Hadley cells and deserts

Much of the geological literature presumes that thick sequences of bedded Phanerozoic evaporites accumulated in hot arid zones of the world that are tied to the distribution of the world’s deserts. Deserts tend to be located beneath regions of descending cool dry air, linked to Hadley Cell circulation across a latitudinal belt that is typically located 15 to 45 degrees north or south of the equator. As this sinking cool air mass approaches the landsurface beneath the descending arm of a Hadley Cell, it warms, and so its moisture-carrying capacity increases. Today, in Africa and Australia, more than 60% of the landsurface is desert, and the areas are increasing.


Global-scale atmospheric circulation is driven by varying intensities of solar irradiation, which is most intense directly above the equator and lessens toward the poles. Hence, the equatorial belt experiences higher insolation than the adjacent temperate latitudes. Equatorial air warms as it rises, creating a tropical belt of low pressure. As it rises, it cools, losing most of the water vapour as rainfall to the tropical jungles and rainforests below. This now moisture-depleted air moves up and away from the equator and further cools and compresses. Finally, it sinks back to the earth’s surface at around 30° latitude north and south of the equator. The cool descending dry air is reheated as it returns to the lower atmosphere, garnering an enhanced potential to absorb moisture. Belts of aridity sit beneath cold dry descending air masses of the Hadley Cells, which define high-pressure belts known as the subtropical Trade-Wind Belts or Horse Latitudes. The trade winds form the equatorward limb of the Hadley circulation in each hemisphere. Such areas are seldom subjected to moisture-bearing disturbances or pressure depressions (lows), either from the Intertropical Convergence Zone (ITCZ) of the tropics or from the belt of mid-latitude depressions associated with the circumpolar westerlies. The trade winds that blow across these zones are evaporating winds, and, because of the trade-wind inversion, they tend to be areas of atmospheric subsidence and stability. That is, subtropical high-pressure belts are the primary cause of aridity, though deserts are not always continuous around the earth at 30 N.

For instance, the Asian monsoon supplies large quantities of rain over northern India, and elsewhere the high-pressure cells are disrupted into a series of local cells, notably over the oceans, where air moving clockwise around the equatorial side of the cell brings moisture-laden air to the eastern margins of the continents. The earth-scale distribution of Holocene desert belts reflects broad-scale atmospheric dynamics. When ice caps expand the atmospheric circulation belts are pushed and compressed toward the equator, and they have done so numerous times in glacial maxima of the current icehouse climate mode. Equatorward compression increases the intensity of atmospheric circulation and alters the latitudinal distribution of climate belts. This has a marked effect on climate in Quaternary deserts, so that almost all modern continental playas in the Horse Latitudes have experienced numerous water-full versus dry stages in the last few hundred thousand years, what follows are examples from different continents to underline this fluctuation. Strontium-isotopic composition of preserved gypsum in Lake Frome  a large discharge playa in South Australia, records periods of high rainfall at 3-6, 12-15, and >17 Ka, and drier periods at ≈10 and ≈17 Ka (Ullman and Collerson, 1994). In the last interglacial (early in oxygen isotope stage 5) a nearby and much enlarged Lake Eyre maintained a perennial freshened water body up to 25 m deep (Magee et al., 1995; Cohen et al., 2012). Subsequently, as climate deteriorated into a glacial mode, there were several dry periods separating successively less-effective wet phases, culminating in the deposition of a substantial halite salt crust around the time of the last glacial maximum. Lake Eyre only attained its present saline mudflat/ephemeral playa status some 3-4 Ka. The drying trend over the last hundred thousand years in Lake Eyre corresponds to a longterm lessening of monsoon intensity in the northern part of Australia, which is the main source area for waters flowing into the lake depression. In Death Valley, USA  there were dry mudflats, characterised by abundant glauberite, gypsum and minor calcite from 0-10 Ka and 60-100 Ka (Li et al., 1997 ).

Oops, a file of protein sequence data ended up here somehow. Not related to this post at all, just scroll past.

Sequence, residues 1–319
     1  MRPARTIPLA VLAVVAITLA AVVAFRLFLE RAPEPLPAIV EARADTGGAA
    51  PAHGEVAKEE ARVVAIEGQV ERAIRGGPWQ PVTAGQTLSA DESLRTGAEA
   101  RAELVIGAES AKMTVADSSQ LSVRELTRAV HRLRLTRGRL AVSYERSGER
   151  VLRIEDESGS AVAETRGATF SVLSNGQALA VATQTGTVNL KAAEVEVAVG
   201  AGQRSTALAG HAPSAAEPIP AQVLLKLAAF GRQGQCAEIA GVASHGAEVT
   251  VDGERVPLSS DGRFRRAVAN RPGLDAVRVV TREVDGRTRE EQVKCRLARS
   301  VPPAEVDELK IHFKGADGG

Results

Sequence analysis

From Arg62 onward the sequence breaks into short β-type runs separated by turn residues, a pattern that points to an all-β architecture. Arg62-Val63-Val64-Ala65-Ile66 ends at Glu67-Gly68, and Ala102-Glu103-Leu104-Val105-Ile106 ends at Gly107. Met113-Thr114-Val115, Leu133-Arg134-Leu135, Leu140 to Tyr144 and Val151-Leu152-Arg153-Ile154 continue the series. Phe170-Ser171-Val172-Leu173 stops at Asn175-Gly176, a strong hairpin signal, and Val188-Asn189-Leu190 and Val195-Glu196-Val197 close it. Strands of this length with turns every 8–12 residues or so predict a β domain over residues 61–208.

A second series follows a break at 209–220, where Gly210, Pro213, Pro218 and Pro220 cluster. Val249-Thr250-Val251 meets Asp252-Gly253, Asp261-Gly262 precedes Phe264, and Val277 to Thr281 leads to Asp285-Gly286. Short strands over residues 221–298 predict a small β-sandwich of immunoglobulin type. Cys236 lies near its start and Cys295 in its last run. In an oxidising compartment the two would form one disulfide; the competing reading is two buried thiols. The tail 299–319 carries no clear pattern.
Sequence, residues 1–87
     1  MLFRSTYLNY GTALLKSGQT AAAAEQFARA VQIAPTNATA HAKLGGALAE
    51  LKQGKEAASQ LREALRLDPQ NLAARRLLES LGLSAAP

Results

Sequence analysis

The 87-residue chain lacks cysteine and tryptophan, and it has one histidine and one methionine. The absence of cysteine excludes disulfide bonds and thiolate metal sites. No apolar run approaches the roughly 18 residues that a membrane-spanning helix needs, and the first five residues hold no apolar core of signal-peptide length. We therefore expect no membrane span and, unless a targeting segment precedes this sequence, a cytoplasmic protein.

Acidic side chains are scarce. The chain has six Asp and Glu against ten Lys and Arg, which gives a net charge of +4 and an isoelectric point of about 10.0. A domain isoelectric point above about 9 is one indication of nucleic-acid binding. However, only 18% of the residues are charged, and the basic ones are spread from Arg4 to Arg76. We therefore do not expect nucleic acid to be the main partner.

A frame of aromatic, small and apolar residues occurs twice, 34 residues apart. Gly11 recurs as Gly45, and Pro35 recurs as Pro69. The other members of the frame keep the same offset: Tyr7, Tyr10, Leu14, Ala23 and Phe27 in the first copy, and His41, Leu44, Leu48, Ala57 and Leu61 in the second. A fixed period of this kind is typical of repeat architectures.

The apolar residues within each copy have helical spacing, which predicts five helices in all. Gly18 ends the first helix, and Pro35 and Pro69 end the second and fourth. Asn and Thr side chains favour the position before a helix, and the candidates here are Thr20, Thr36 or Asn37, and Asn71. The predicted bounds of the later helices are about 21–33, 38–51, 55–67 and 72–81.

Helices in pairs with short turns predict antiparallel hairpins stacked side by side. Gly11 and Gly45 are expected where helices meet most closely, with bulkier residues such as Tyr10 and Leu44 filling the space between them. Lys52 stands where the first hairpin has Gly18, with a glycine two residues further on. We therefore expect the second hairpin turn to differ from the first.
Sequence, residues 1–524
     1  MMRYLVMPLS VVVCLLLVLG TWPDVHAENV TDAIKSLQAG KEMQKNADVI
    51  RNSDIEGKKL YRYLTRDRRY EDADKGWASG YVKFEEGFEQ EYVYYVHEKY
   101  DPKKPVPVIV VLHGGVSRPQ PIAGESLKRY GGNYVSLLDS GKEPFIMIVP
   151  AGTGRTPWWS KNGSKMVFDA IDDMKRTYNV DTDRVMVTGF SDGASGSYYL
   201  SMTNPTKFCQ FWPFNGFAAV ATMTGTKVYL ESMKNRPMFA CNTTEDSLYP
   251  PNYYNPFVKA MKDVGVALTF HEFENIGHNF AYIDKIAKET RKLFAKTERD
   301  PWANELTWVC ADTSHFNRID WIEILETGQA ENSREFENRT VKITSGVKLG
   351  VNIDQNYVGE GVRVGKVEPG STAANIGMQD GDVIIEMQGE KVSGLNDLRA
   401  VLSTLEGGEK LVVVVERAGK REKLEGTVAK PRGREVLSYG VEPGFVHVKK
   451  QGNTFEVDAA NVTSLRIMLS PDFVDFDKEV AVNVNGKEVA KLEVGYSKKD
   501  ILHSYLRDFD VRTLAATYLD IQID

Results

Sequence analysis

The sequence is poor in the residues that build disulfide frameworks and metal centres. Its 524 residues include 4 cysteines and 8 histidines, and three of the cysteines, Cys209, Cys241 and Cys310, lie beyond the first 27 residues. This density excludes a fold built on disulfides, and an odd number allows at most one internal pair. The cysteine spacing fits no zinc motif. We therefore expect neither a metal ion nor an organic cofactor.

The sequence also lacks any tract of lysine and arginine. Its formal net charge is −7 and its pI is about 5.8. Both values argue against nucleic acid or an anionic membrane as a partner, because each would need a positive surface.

In contrast, the wet period from 10-60 Ka was typified by halite and mud layers, with relatively abundant calcite. This more humid period encompasses sediments deposited 10-35 Ka, when Death Valley contained a perennial halite lake. These millennial-scale oscillations define a predominately Na–Ca spring-fed inflow hydrology during dry climatic periods and increased volumes of bicarbonate-rich river waters in the wetter periods.

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